Q: Caring for a loved one can be overwhelming.  How can caregivers take care of themselves so they are in a good place to help their loved one?

A: At the start of each day, remember that it is a new day.  For their loved one, it may be a pain-free or pain-filled day.  Either way, caregivers must take care of their own physical and mental health FIRST.  If their health is in balance, then they are better equipped to help their loved one.  Another tip is to think about positive or rewarding aspects of being a caregiver.  Keep a list and review it when feelings of being overwhelmed arise.

Q: Caregivers often feel frustration and sadness as they watch their loved one suffer with uncontrolled pain.  What is your advice to best cope with these feelings?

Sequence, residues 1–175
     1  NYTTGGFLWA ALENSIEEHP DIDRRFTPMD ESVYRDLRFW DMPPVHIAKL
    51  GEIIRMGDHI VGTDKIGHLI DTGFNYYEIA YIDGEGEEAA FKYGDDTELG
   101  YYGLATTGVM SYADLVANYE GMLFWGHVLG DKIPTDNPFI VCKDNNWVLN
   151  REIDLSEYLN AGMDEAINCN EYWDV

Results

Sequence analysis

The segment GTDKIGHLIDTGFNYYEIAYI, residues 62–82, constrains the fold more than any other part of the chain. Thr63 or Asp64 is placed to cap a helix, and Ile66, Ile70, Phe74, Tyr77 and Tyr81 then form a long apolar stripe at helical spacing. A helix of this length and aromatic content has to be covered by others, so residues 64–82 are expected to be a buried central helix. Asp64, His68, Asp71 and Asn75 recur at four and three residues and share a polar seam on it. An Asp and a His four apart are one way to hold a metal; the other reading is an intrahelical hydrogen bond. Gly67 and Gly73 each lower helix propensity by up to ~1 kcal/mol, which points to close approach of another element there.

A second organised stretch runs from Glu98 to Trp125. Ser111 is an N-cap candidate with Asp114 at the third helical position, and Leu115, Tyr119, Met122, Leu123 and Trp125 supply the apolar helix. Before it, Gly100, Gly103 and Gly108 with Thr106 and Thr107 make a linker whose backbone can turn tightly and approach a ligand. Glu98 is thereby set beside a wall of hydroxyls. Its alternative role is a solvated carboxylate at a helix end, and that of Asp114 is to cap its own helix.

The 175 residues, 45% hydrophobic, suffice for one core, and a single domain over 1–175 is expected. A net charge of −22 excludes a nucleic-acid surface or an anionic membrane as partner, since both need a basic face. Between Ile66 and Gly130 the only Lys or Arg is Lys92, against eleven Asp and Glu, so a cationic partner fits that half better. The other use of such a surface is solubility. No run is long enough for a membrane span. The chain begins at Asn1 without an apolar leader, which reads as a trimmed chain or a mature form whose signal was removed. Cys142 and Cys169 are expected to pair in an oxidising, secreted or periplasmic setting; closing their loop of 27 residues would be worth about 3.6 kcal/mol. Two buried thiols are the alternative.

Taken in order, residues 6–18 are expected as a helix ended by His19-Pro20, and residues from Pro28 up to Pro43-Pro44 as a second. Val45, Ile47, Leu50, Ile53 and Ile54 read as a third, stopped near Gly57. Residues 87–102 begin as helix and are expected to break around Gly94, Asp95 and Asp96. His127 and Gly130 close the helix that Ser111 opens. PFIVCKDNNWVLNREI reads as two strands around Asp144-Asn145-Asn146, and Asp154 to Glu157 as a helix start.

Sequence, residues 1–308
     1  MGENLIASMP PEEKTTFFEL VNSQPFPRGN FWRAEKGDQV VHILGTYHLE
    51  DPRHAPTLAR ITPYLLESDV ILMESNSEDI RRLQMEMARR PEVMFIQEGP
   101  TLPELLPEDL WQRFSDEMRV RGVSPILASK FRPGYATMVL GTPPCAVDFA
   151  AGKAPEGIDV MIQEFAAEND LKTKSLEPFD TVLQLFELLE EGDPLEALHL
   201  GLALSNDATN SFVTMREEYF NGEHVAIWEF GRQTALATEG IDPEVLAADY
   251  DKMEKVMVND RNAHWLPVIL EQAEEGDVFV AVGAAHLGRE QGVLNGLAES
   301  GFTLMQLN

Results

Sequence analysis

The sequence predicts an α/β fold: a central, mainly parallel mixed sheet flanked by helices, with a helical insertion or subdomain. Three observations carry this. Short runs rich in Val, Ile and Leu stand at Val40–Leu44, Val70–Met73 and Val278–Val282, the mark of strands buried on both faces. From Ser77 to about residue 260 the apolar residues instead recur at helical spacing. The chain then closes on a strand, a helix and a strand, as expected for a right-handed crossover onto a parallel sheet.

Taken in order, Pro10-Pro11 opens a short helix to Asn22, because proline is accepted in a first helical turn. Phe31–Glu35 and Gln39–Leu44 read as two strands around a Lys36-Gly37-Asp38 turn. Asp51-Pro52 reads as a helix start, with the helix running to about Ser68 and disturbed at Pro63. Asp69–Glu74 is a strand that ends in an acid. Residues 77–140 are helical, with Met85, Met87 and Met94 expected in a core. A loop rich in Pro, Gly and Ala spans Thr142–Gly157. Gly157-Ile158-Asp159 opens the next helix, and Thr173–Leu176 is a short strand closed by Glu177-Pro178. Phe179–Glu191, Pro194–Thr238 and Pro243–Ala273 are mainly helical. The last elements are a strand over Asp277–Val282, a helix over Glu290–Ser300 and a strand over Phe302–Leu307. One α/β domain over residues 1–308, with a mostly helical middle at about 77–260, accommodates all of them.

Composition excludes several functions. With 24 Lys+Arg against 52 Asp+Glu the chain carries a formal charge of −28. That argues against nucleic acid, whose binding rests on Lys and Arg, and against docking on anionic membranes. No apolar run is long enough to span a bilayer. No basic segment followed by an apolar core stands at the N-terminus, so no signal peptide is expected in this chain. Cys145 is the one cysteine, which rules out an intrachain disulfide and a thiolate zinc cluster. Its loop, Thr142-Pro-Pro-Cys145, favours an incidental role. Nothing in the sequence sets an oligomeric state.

A: No one likes to watch someone suffer — least of all a loved one.  But there are a few things to help cope with feelings of sadness or frustration.  First, caregivers should realize that being able to just listen and offer empathy is enough.  As I said before, one of the biggest challenges facing caregivers is the desire to fix the pain.  Unfortunately, chronic pain does not have a simple fix, which contributes to feelings of frustration.  Second, feeling sad is a normal reaction when we see someone suffer.  Don’t hide the way you feel because you want to protect your loved one.  Third, talk openly with them and share your feelings.  Often caregivers are surprised to learn that the person in pain understands and relates to their frustration and sadness.